When are Unpaid Internships in Violation of the Fair Labor Standards Act?
There have been several cases over the last several years involving unpaid interns filing class action lawsuits to recover wages. MGM recently settled for $232,500 with unpaid interns it had hired. According to the MGM intern who filed the lawsuit, she was hired to perform entry-level work. Similar lawsuits were filed against Comcast, Conde Nast and Viacom. Unpaid internships may be illegal if they are not educational and for the benefit of interns.
There are some cases where unpaid internships at for-profit organizations are in violation of the Fair Labor Standards Act. The Department of Labor has six criteria that must be met for an unpaid internship to be considered lawful.
- Internships must be similar to the type of training which would be given in an educational environment.
- Internships must be for the benefit of interns. For-profit organizations cannot receive the primary benefit.
- Interns cannot be hired to replace existing employees.
- For-profit organizations cannot gain immediate advantages from the activities of interns.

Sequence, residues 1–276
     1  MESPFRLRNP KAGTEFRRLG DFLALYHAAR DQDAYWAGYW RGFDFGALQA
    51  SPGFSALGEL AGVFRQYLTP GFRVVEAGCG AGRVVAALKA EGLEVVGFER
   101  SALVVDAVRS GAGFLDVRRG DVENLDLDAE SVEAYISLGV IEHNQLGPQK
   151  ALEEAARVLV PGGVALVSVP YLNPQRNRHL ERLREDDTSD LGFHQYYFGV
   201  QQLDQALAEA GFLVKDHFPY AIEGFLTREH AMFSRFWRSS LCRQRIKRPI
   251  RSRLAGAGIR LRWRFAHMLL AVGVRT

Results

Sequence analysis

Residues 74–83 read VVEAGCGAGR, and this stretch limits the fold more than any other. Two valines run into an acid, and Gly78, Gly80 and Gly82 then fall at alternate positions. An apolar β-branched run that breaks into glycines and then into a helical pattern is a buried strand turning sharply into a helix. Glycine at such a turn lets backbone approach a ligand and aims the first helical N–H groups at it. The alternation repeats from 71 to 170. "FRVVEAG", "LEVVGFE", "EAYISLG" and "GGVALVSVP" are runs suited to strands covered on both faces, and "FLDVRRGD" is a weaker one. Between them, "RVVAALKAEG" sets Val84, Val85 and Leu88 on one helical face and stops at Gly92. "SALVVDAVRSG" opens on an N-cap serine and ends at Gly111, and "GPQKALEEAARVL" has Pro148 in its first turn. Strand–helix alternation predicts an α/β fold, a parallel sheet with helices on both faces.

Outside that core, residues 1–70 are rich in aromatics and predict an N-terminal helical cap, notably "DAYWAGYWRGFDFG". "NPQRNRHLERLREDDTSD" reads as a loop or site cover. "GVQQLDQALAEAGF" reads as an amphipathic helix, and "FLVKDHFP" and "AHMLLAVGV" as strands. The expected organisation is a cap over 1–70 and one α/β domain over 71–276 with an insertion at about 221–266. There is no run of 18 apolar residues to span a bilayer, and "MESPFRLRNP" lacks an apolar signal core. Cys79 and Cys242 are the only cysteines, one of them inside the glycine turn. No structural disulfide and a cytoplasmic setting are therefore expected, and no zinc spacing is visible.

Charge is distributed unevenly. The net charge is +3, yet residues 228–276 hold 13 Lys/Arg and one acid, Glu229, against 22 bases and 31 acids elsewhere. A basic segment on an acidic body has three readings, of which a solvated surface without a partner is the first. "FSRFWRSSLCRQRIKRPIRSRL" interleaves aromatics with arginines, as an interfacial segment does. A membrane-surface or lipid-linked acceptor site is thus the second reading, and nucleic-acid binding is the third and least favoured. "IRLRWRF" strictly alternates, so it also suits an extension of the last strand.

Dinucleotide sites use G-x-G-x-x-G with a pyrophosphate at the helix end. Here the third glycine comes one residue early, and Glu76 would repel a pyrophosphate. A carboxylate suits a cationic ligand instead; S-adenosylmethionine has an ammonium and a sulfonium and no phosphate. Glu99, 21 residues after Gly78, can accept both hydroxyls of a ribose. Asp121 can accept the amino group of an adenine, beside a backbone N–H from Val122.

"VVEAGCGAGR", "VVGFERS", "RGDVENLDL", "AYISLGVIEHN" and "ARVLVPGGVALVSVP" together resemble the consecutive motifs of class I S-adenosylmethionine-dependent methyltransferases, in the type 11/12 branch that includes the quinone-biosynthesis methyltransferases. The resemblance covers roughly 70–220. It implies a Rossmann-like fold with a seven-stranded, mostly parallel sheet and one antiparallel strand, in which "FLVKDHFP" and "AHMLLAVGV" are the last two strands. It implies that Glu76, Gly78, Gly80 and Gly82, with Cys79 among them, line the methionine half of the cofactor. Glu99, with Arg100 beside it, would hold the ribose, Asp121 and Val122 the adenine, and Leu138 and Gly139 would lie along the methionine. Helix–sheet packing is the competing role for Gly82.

- Interns are not necessarily guaranteed jobs after internships end.
- The organization and intern understand there is no guarantee of wages during the internship.
Can Unpaid Interns File Lawsuits for Back Pay?Unpaid internships should be educational and must benefit interns. These positions should be structured to resemble a classroom or academic experience. They must not be used to augment an organization’s existing workforce. If an employment relationship exists, organizations are required to pay interns minimum wage.
Depending on the circumstances, unpaid interns may be able to file class action lawsuits for back pay. Dallas labor law attorney Dan A. Atkerson can help victims of wage theft look at available legal options.